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Creating Layers

Layers can be created in many ways, including:

  • empty layers from scratch;
  • layers from existing layers;
  • layers from the clipboard;
  • layers as a result of an SQL-like query based on one or many layers: the virtual layer.

QGIS also provides tools to import/export different formats.

Creating new vector layers

QGIS allows you to create new Shapefile layers, new SpatiaLite layers, new GPX layers and new Temporary Scratch layers. Creation of a new GRASS layer is supported within the GRASS plugin. (Please refer to section Creating a new GRASS vector layer for more information on creating GRASS vector layers.)

Creating a new GeoPackage layer

To create a new GeoPackage layer go to Layer ‣ New ‣ newGeoPackageLayer New GeoPackage Layer…. The New GeoPackage Layer dialog will be displayed as shown in figure_create_geopackage.

../../../_images/editNewGeoPackage.png

Creating a New GeoPackage layer dialog

The first step is to select an existing GeoPackage or create a new one. This can be done by pressing the ellipses button at the right of the Database field. Then, give a name for the new layer, define the layer type and specify the coordinate reference system with Specify CRS.

To define an attribute table for the new GeoPackage layer, add the names of the attribute columns you want to create with the corresponding column type, and click on the Add to Fields List button. Once you are happy with the attributes, click OK. QGIS will automatically add the new layer to the legend, and you can edit it in the same way as described in section Digitizing an existing layer.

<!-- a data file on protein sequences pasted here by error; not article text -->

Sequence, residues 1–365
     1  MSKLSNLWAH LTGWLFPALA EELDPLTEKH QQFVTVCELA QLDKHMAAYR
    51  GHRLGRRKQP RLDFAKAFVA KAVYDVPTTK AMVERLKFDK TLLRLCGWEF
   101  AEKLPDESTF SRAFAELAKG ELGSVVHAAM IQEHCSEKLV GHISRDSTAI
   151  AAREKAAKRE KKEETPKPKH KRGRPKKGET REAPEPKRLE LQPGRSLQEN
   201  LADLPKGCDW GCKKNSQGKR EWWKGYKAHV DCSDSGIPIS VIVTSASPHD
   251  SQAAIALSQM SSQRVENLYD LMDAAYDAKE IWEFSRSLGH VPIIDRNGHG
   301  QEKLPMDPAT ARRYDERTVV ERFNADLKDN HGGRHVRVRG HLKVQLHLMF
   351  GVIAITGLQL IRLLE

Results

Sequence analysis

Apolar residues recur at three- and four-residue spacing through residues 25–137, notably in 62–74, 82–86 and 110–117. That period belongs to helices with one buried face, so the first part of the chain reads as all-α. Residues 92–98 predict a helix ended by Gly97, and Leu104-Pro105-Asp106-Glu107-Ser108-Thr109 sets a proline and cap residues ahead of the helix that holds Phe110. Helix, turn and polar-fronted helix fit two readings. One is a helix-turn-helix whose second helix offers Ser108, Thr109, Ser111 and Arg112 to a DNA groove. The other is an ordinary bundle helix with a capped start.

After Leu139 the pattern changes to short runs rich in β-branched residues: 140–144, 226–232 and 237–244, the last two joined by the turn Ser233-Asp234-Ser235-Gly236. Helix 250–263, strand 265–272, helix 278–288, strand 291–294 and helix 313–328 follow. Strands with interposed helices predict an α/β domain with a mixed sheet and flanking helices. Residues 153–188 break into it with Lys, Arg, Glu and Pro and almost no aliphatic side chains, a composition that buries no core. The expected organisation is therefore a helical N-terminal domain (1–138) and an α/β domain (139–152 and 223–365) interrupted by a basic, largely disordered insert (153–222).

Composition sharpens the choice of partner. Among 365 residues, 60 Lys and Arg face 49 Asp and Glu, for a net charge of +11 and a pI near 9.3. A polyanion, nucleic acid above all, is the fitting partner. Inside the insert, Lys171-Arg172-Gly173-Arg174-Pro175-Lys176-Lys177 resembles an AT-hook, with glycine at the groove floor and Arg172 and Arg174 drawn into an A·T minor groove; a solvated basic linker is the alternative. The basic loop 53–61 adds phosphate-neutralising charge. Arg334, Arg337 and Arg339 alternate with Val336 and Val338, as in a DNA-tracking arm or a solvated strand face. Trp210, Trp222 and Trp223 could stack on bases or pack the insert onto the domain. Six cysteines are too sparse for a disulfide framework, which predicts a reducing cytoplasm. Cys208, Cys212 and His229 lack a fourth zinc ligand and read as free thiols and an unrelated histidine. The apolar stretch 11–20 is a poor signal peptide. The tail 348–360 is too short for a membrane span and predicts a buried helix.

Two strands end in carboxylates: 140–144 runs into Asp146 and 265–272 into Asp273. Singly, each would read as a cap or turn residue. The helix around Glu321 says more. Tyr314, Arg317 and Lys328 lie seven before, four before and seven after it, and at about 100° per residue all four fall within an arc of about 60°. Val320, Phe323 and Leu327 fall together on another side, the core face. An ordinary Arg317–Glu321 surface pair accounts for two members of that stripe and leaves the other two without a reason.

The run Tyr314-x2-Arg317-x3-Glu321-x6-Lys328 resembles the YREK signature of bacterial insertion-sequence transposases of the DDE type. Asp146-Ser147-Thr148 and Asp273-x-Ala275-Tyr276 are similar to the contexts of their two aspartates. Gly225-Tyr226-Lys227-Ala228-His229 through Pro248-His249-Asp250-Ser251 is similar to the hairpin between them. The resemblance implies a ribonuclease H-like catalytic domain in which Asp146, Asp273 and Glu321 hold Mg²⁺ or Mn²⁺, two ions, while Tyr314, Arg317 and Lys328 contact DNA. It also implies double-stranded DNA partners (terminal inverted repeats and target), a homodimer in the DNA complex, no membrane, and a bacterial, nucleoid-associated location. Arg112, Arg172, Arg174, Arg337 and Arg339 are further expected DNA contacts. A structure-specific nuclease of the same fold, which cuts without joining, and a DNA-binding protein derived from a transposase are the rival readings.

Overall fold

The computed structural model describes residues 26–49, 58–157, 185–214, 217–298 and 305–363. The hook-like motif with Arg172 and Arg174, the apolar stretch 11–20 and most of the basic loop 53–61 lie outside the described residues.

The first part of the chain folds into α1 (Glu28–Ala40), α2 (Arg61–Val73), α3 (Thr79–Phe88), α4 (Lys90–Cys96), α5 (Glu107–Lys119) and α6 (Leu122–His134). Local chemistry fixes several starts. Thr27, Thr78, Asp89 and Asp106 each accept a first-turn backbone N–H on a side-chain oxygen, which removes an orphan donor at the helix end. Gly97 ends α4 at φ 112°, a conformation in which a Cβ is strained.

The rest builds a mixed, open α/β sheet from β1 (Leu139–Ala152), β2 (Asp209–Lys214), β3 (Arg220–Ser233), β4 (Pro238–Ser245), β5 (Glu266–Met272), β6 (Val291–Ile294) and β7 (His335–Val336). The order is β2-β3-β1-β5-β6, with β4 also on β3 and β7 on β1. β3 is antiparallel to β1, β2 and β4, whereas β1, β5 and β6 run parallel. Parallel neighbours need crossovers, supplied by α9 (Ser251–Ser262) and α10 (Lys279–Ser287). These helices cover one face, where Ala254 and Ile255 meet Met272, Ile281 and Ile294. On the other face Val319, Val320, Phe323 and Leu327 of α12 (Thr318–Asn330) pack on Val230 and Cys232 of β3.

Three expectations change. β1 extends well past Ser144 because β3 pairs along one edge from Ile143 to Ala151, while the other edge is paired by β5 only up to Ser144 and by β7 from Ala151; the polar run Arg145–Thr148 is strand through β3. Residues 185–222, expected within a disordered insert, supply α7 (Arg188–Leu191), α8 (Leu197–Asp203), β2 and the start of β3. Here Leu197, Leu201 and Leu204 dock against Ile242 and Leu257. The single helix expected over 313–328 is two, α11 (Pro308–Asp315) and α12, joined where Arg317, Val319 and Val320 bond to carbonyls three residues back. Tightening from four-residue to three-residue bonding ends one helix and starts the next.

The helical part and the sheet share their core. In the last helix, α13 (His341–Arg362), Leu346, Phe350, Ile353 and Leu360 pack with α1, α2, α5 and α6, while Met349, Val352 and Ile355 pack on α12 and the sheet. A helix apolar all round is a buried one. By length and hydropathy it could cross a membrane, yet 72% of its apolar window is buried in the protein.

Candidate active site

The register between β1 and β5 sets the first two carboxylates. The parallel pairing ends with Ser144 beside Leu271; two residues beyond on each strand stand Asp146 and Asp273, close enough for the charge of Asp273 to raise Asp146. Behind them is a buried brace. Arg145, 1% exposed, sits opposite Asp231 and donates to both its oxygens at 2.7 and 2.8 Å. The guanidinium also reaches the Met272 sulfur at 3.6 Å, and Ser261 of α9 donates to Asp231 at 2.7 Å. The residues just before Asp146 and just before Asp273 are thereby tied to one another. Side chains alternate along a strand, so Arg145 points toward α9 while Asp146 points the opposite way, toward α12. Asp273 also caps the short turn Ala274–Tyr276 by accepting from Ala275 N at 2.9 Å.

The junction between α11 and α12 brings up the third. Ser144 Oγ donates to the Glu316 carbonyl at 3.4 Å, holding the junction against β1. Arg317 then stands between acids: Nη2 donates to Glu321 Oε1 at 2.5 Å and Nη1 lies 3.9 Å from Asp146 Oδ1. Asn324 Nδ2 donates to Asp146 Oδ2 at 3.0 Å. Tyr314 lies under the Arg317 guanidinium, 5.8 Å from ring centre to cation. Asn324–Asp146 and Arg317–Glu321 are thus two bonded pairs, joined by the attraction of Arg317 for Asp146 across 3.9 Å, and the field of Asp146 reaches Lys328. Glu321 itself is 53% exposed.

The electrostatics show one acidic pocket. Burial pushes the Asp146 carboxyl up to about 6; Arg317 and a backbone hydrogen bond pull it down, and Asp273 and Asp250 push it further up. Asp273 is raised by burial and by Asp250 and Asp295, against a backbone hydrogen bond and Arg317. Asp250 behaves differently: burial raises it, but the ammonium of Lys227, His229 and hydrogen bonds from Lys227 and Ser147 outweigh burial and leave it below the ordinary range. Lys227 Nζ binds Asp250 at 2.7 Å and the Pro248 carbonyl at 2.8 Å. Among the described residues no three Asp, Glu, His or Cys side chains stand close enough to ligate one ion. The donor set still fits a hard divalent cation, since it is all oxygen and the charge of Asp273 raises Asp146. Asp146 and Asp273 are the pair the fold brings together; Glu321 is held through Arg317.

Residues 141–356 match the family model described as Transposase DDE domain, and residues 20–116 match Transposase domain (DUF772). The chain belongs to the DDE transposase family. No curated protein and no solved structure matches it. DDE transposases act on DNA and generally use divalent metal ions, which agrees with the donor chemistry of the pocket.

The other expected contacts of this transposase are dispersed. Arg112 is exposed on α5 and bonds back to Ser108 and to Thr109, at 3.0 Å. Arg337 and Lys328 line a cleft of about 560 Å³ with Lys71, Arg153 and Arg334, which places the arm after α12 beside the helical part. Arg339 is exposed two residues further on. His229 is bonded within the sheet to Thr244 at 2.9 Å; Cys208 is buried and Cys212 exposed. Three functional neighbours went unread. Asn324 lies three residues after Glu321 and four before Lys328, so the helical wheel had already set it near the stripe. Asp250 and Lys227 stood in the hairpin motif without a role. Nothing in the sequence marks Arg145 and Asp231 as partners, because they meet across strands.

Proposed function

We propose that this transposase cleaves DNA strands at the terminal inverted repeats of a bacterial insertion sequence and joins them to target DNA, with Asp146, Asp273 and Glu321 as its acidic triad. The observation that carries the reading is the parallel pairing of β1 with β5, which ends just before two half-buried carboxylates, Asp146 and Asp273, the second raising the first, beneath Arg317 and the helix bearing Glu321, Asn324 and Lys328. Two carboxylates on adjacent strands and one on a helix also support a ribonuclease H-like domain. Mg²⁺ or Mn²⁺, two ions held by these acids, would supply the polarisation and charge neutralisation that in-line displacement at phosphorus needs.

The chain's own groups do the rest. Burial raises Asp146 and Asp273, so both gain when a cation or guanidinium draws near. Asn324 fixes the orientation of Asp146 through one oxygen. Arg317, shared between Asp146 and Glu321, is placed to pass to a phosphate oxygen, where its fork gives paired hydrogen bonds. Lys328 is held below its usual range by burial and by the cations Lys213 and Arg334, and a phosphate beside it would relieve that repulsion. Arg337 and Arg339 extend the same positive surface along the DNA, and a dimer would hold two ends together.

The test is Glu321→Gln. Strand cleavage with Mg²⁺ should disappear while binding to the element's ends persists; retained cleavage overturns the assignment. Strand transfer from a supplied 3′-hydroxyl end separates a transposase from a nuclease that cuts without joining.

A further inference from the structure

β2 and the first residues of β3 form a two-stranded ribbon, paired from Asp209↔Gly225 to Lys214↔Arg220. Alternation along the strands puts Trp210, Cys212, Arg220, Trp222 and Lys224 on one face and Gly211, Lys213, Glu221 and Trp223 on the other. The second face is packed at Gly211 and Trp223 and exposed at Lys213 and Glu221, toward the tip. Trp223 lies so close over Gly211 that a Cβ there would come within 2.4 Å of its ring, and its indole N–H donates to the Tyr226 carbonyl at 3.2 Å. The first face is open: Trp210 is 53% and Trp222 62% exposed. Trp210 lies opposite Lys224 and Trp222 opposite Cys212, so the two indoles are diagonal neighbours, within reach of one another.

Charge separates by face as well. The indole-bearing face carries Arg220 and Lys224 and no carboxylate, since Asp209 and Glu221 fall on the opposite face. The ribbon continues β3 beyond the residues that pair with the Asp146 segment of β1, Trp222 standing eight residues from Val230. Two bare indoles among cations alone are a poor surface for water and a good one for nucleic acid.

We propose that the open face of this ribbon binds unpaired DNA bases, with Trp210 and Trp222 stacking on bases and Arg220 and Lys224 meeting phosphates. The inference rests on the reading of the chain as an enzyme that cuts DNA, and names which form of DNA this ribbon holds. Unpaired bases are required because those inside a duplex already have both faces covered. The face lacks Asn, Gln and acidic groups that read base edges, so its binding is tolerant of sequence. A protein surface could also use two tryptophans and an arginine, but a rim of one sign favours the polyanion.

Creating a new Shapefile layer

To create a new Shapefile layer, choose Create Layer ‣ newVectorLayer New Shapefile Layer… from the Layer menu or select it from the Data Source Manager toolbar. The New Shapefile Layer dialog will be displayed as shown in figure_create_shapefile. The first step is to provide a path and name for the Shapefile. QGIS will automatically add the .shp extension to the name you specify Next, choose the type of layer (point, line or polygon) and optional Z or M dimensions, as well as the CRS (coordinate reference system).

../../../_images/editNewVector.png

Creating a new Shapefile layer dialog

To complete the creation of the new Shapefile layer, add the desired attributes by specifying a name and type for each attribute and clicking on the Add to Fields List button. A first ‘id’ column is added by default but can be removed, if not wanted. Only Decimal number selectString, Whole number selectString, Text data selectString and Date selectString attributes are supported. Additionally, depending on the attribute type, you can also define the length and precision of the new attribute column. Once you are happy with the attributes, click OK. Once the Shapefile has been created, it will be added to the map as a new layer, and you can edit it in the same way as described in section Digitizing an existing layer.

Creating a new SpatiaLite layer